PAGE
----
Wednesday, October 31, 2012

Normin’s underemployment highest in Mindanao

WHEN statistics start to speak and tell you that the January 2012 Labor Force Survey (LFS) results of the country registered an employment rate of 92.8 percent, which is not significantly different from the estimate reported in January 2011, which was 92.6 percent, what will be your outright reaction?
In the same vein, when statistics will unfold before your eyes and show you another findings obtained from the survey that of the total employed persons in the Philippines in January 2012, 62.1 percent were working full time while 36.7 percent were part-time workers, what will be your immediate response?
Such rhetorical questions might lead one to think critically and to start untying the entangled thread that complicates the issue on underemployment as one brings to the fore these questions – “Who are the underemployed?” “How does underemployment differ from unemployment?
While unemployment has been a common topic of discussion, underemployment and its effects have not been given much attention, even though the number of underemployed workers has also increased.
It has been said that “unemployment and underemployment are considered as the two difficult socio-economic problems that can cause undesirable effects on the person’s economic and social status.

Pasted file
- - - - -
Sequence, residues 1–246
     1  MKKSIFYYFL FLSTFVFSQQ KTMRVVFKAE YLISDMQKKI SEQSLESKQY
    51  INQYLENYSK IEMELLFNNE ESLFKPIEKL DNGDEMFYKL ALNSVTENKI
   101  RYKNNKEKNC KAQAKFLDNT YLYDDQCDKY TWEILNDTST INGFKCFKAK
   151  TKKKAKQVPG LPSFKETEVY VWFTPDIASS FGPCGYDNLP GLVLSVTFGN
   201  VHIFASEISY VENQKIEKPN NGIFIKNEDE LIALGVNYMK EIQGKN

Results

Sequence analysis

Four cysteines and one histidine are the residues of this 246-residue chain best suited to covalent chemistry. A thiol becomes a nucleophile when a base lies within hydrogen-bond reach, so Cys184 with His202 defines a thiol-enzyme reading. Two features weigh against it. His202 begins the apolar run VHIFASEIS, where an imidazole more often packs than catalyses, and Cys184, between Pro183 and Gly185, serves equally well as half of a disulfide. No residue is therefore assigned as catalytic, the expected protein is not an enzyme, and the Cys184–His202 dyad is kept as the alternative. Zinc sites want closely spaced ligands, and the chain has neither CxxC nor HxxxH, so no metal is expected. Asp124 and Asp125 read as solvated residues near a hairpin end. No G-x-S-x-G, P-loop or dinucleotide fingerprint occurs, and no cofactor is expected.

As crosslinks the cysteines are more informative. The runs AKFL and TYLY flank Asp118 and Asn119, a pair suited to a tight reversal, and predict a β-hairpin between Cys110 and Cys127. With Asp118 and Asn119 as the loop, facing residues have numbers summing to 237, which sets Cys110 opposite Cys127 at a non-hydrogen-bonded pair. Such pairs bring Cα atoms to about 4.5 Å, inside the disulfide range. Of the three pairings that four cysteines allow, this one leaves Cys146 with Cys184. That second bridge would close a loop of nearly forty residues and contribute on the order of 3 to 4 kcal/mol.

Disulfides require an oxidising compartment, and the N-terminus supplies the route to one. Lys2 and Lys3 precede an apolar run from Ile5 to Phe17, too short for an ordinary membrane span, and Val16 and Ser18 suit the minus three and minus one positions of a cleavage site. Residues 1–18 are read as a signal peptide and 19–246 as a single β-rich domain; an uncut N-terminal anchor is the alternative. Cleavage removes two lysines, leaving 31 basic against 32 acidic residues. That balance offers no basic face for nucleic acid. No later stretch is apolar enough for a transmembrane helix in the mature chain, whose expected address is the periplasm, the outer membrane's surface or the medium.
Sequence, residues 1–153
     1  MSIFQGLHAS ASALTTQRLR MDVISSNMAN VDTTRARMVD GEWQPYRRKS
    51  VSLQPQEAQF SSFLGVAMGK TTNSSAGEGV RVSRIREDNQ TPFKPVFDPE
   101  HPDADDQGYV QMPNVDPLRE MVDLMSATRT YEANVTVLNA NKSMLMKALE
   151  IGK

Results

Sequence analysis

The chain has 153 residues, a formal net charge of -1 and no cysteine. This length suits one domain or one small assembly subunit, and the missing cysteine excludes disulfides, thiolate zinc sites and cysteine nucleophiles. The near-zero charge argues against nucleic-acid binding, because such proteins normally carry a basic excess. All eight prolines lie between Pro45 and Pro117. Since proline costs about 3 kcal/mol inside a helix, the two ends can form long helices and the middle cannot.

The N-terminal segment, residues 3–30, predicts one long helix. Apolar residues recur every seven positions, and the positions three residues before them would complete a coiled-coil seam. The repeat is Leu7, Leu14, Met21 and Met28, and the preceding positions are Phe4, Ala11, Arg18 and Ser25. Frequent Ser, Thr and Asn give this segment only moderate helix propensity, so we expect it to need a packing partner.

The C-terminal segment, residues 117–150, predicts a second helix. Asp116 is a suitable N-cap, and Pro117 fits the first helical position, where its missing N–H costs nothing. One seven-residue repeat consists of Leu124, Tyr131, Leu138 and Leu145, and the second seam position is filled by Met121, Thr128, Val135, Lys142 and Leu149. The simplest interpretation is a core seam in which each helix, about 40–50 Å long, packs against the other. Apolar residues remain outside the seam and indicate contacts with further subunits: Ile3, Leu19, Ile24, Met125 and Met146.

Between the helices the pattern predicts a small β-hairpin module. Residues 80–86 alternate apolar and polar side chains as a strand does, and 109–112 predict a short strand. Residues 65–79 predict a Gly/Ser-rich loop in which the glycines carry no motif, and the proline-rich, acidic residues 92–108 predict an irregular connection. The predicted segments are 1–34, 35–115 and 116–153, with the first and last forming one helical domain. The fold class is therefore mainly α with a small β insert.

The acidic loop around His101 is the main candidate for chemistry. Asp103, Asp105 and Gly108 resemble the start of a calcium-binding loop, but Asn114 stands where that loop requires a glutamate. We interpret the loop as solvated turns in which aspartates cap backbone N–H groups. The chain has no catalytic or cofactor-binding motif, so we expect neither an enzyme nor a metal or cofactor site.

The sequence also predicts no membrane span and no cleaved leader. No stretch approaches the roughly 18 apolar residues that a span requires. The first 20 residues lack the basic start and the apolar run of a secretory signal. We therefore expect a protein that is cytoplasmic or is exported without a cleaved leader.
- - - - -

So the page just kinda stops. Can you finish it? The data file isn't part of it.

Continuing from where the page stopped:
The easiest way to present the concept that illustrates the meaning of unemployment is when one is in a jobless condition. On the other hand, underemployment refers to a condition wherein an employed individual’s work is insufficient to fulfill his needs. Moreover, employed persons who express the desire to have additional hours of work in their present job, or to have additional job, or to have a new job with longer working hours are considered underemployed.
According to NSO Administrator Carmelita N. Ericta, “the number of underemployed persons in the country in January 2012 was estimated at 7.0 million placing the underemployment rate at 18.8 percent. The underemployment rate in January 2011 was estimated at 19.4 percent. Fifty-nine percent of the total underemployed persons were visibly underemployed or working for less than 40 hours during the reference week. Those working for 40 hours or more accounted for 38.8 percent. A large percentage of the underemployed were working in the agriculture sector (43.8%) and services sector (40.5%). The underemployed in the industry sector accounted for 15.7 percent.”
What about Northern Mindanao ?
Based on the Preliminary Results of the January 2012 Labor Force Survey conducted by the National Statistics Office, the underemployment rate for Northern Mindanao was posted at 26.6 percent. Though it decreased by 1.7 percentage points from 28.3 percent a year ago, it still registered as the highest among the Mindanao regions and also higher than the national figure of 18.8 percent. Some of this number of people employed for less than 40 hours a week means that there is less money being brought home to pay for living expenses, barely enough to pay for the basic needs of the family.